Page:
From Cluj we set out to the amazing Transylvanian countryside. Our destination was a village called Rosia Montana. Of course we didn't miss the opportunity to take a shortcut through the mountains which ended up being a gravel road passing along a few remote villages. As interesting as these sights were to us, we sparked an even greater amount of interest in the locals. After getting a little bit lost around the maze of gravel roads, we made it to our destination - Rosia Montana. Some background on what this place is all about:
To put it short, the region has the largest undeveloped gold deposit in Europe. Since Roman times, people have exploited its gold, however recently, a company called Gabriel Resources has emerged with a project to build an open pit next to Rosia Montana and extract the resources using a dangerous and controversial technique called cyanide mining. This would ultimately pollute the whole vicinity and locals would have no other option than to relocate somewhere else, which is exactly what Gabriel Resources wants to achieve. This company shadows over every aspect of life in Rosia Montana and just hearing the stories about it, you get the feel of a classic anti-utopic novel. When entering the village, you are immediately greeted by a sign that blatantly states "Rosia Montana exists thanks to its minerals". The next one says, "The mining company has invested 17 million in the village so far", followed by "We plan to invest another 70 million" and this goes on, they've put up signs on almost every house. It doesn't stop there though, their methods include bribe, intimidation, blackmail etc. The people, on the other hand, demand the most basic of things - to be left to live on their own property and work their own land.
As we entered the village, there was a car following our caravan. Turned out this was the police, we found two other cars parked around the central square waiting for our arrival. We later found out that they had information that a member of the EU parliament was going to visit and they expected at least 20-30 cars to come along with us. To their disappointment only us, five travel-weary adventurers staggered out of a dirty caravan. We couldn't really stick around to asses their level of disappointment as we were greeted by our host Calin, who took us on a short trek up to the property of one of the local activists - Eugen David. He and his family were just in the mid of planting onion seeds on their land. We sat on the fresh green grass and enjoyed the picturesque view of the Carpathian mountains, while waiting for Eugen to take a break. The serenity of it all was amazing. To add to that, Eugen explained that for him, this is the perfect life. Living off their own land, being outdoors, enjoying the air, the view. For him this is the true happiness and he's living it, in comparison, you have the complete opposite that the mining company stands for. In terms, this goes beyond the local level, it's a clash between two totally different world views and approaches. Eugen is happy with the fact that he can feed his family and live on his ancestral land, he is well aware of all the material things the modern world has to offer, however he doesn't actually need all that. He added that the biggest problem he'll have is if he ever starts to desire all those unnecessary things. It's worth hearing the interview we did with this man, as he has a lot to share.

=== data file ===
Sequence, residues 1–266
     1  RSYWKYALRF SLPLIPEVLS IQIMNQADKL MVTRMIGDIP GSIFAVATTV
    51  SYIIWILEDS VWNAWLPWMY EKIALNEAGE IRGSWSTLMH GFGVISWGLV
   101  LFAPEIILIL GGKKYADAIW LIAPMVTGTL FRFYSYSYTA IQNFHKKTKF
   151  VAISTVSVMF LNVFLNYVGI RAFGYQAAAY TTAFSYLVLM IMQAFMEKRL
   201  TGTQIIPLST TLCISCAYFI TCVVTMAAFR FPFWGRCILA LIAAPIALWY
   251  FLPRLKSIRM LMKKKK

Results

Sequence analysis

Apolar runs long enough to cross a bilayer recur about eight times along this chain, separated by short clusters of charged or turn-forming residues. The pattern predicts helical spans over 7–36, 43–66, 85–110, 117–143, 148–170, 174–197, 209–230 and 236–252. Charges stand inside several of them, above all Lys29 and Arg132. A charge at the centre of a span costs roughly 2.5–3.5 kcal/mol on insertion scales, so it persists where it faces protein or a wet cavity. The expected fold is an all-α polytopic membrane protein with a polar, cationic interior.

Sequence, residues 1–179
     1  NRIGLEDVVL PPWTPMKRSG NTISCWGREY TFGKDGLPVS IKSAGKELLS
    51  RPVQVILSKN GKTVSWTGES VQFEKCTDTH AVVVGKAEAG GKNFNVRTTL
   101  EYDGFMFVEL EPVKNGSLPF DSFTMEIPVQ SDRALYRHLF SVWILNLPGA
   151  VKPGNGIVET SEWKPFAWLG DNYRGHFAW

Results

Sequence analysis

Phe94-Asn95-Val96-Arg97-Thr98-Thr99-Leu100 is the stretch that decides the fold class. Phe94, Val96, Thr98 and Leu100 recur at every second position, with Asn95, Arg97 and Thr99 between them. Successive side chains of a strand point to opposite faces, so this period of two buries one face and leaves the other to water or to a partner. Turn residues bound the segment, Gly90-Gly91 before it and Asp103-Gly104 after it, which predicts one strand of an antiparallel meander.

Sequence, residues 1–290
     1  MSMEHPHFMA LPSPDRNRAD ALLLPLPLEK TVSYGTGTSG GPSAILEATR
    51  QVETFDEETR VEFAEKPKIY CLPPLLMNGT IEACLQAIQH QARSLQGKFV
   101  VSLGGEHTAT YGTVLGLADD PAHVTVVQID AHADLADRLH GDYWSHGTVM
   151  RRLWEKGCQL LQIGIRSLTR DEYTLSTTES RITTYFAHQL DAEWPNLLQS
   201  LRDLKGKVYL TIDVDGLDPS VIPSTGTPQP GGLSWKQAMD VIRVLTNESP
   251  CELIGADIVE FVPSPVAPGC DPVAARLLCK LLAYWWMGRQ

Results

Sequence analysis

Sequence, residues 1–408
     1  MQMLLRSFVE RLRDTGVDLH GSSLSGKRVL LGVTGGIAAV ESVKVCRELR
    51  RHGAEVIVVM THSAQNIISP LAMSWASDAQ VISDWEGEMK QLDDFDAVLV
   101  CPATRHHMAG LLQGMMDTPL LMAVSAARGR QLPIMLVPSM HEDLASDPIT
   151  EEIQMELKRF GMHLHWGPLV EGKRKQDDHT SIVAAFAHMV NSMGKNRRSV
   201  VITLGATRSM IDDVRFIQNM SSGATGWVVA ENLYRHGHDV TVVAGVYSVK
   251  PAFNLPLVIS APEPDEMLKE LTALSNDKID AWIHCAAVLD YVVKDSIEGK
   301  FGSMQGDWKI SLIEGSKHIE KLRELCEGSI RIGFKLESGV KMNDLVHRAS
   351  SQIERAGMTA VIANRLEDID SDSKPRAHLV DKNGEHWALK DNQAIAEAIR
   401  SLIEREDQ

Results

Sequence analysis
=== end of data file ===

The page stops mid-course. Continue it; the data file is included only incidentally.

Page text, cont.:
The sun was already setting and we had a long drive to Pungesti ahead of us. We drove off hesitantly, leaving the beautiful Carpathian village behind us.